“One of my actors said something about it,” the director recalled, “and I was literally like, ‘All we’re thinking about is this movie. Don’t talk to me about film festivals right now.’” Nevertheless, Moore ultimately decided to submit the contentious Escape From Tomorrow to Sundance, and the results surprised him.
“One night I was driving with my wife and I got a call,” Moore described. “It was Trevor Groth, the head programmer at Sundance, and he said congratulations.” But there was still one question that most likely never left Moore’s mind. What would Disney think of Escape From Tomorrow?
Moore had done something that wasn’t just frowned upon, it was also potential grounds for legal action. Disney is known for its precision strikes against anything unofficial and off-brand, after all. With the movie’s acceptance into Sundance, there was nothing Moore could do to remain in the industry’s proverbial shadows.
To that end, the director steeled himself for the coming legal storm, and got assistance from an unexpected place. Cinetic Media lawyer John Sloss, who represented Banksy’s film Exit Through the Giftshop offered his services. Moore told IndieWire, “He contacted us right around when we got into the festival and that was amazing.”
Furthermore, it seemed like Sloss had an idea for Moore’s defense if Disney challenged Escape From Tomorrow. “We were hoping we could make a good case for fair use and stuff but I’m not a lawyer,” the director said. Media coverage of his film may also have contributed to his cause.
Moore elaborated, “The New Yorker article that came out was a big help. John obviously hoped we could make a case for it, but honestly none of us knew.” So what did Disney make of Escape From Tomorrow? Did the company ready its lawyers and attempt to legally boycott Moore’s picture?
Throughout Sundance, Disney’s position on the film was unclear. At the festival an attendee told Moore, “Disney is furious and they are going to sue.” But the director poured too much of his life into Escape From Tomorrow to give up without a fight. He told IndieWire as much during his interview.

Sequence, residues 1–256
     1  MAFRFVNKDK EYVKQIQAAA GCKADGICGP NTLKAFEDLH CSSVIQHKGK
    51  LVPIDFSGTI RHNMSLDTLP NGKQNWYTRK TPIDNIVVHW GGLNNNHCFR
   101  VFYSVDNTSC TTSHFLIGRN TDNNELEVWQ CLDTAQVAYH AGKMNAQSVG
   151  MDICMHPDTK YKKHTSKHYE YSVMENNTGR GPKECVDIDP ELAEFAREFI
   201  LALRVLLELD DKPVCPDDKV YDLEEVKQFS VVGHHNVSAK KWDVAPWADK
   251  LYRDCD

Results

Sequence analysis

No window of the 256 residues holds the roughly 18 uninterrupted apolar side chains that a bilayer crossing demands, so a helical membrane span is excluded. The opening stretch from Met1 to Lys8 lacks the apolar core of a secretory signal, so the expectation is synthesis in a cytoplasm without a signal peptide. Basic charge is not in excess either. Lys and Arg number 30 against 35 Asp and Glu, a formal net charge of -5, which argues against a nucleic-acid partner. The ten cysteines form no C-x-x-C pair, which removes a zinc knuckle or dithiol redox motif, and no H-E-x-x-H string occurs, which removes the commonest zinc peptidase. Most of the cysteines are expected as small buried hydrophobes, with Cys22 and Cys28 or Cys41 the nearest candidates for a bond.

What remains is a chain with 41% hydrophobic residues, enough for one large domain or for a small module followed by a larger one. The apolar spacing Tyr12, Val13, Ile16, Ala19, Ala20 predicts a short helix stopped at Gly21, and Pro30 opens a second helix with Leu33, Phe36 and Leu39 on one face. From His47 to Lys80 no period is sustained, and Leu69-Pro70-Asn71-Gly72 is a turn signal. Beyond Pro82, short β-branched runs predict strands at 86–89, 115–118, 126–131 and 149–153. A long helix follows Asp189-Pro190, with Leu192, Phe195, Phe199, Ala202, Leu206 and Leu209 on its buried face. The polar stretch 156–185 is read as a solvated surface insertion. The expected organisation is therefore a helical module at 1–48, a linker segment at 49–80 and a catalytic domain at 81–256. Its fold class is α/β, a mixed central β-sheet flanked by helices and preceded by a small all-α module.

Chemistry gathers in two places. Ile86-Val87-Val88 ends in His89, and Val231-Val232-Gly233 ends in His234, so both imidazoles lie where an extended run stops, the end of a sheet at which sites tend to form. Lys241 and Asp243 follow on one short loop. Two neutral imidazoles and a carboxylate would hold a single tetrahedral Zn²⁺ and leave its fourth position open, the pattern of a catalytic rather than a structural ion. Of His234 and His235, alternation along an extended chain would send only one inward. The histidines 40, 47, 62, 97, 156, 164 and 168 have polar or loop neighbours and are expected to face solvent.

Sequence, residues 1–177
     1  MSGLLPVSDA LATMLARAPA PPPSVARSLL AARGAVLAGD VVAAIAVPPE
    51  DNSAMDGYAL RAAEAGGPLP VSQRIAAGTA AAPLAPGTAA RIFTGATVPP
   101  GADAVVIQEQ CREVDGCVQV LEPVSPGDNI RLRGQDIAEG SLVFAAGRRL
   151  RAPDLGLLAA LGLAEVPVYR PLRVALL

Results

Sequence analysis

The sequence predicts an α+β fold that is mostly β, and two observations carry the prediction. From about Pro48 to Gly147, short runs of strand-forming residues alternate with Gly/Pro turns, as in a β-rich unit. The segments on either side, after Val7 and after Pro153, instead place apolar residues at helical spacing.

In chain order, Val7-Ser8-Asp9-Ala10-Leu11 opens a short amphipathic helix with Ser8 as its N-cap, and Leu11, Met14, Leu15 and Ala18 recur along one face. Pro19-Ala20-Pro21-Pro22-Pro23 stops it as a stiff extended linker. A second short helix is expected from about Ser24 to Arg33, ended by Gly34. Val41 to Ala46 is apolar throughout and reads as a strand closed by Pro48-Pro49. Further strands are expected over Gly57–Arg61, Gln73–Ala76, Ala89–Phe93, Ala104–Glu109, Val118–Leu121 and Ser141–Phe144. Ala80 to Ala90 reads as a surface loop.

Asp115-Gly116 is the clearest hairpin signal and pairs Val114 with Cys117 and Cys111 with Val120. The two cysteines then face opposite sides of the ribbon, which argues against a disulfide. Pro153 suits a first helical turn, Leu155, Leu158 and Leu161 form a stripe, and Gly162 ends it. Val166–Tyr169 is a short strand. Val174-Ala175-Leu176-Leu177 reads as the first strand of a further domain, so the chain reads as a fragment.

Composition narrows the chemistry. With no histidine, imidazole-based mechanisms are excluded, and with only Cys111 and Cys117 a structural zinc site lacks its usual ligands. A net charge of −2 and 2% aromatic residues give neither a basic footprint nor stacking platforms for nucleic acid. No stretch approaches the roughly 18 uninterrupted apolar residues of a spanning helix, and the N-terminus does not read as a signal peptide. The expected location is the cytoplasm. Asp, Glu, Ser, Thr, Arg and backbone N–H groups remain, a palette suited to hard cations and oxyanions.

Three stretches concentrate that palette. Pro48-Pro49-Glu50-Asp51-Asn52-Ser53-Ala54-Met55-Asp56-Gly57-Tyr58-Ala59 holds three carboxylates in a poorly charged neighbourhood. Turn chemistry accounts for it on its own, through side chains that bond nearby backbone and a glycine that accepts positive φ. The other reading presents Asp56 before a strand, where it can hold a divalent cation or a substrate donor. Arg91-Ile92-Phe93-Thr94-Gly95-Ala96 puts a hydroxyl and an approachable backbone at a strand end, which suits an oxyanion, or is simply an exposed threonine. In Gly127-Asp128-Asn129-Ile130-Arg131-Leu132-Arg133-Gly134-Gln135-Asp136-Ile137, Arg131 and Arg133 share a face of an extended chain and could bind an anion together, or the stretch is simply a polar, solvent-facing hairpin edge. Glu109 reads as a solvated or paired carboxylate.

“It depends on how good a case lawyers can make for it,” Moore said of his potential legal defense. “I worked on it really hard for three years and it took a lot out of me. Just to let it disappear would be a waste of time.” However, Disney’s position on the film remains questionable.
When CNN asked the company about Escape From Tomorrow it had a succinct response. It stated, “(We) are aware of the film” but “are not commenting at this time.” That stance remains the same to this day, although it has caused many people to question why they let Moore’s film slide.
According to the media website SlashFilm, it might have something to do with the Streisand Effect. To be more precise, if Disney took action against Moore it would likely just generate extra publicity. Instead the company might have chose to ignore it and allow it to accumulate a smaller cult following.
For his part, Moore revealed in his IndieWire interview that his film isn’t a big stance against Disney. “I don’t want to… make a spectacle of myself,” he said. “I don’t want to be like a personality like someone who’s out there trying to make a spectacle of trying to bring down corporations.”
“To me, this is the story and I have a lot of ambivalence towards Disney,” the director continued. “I wasn’t trying to… I just wanted to tell a story.” And there were people who considered the film a shot against Disney’s theme park empire. Moore has stated this wasn’t the case, however.
Regardless, it seems that Moore still has complicated feelings for Disney’s brand of magic. When IndieWire asked if he would ever return to one of the parks, he laughed and replied, “If they let me in. I could still go back. I’ll still look at it with a little bit of cynicism, if not contempt. It’s a strange place.”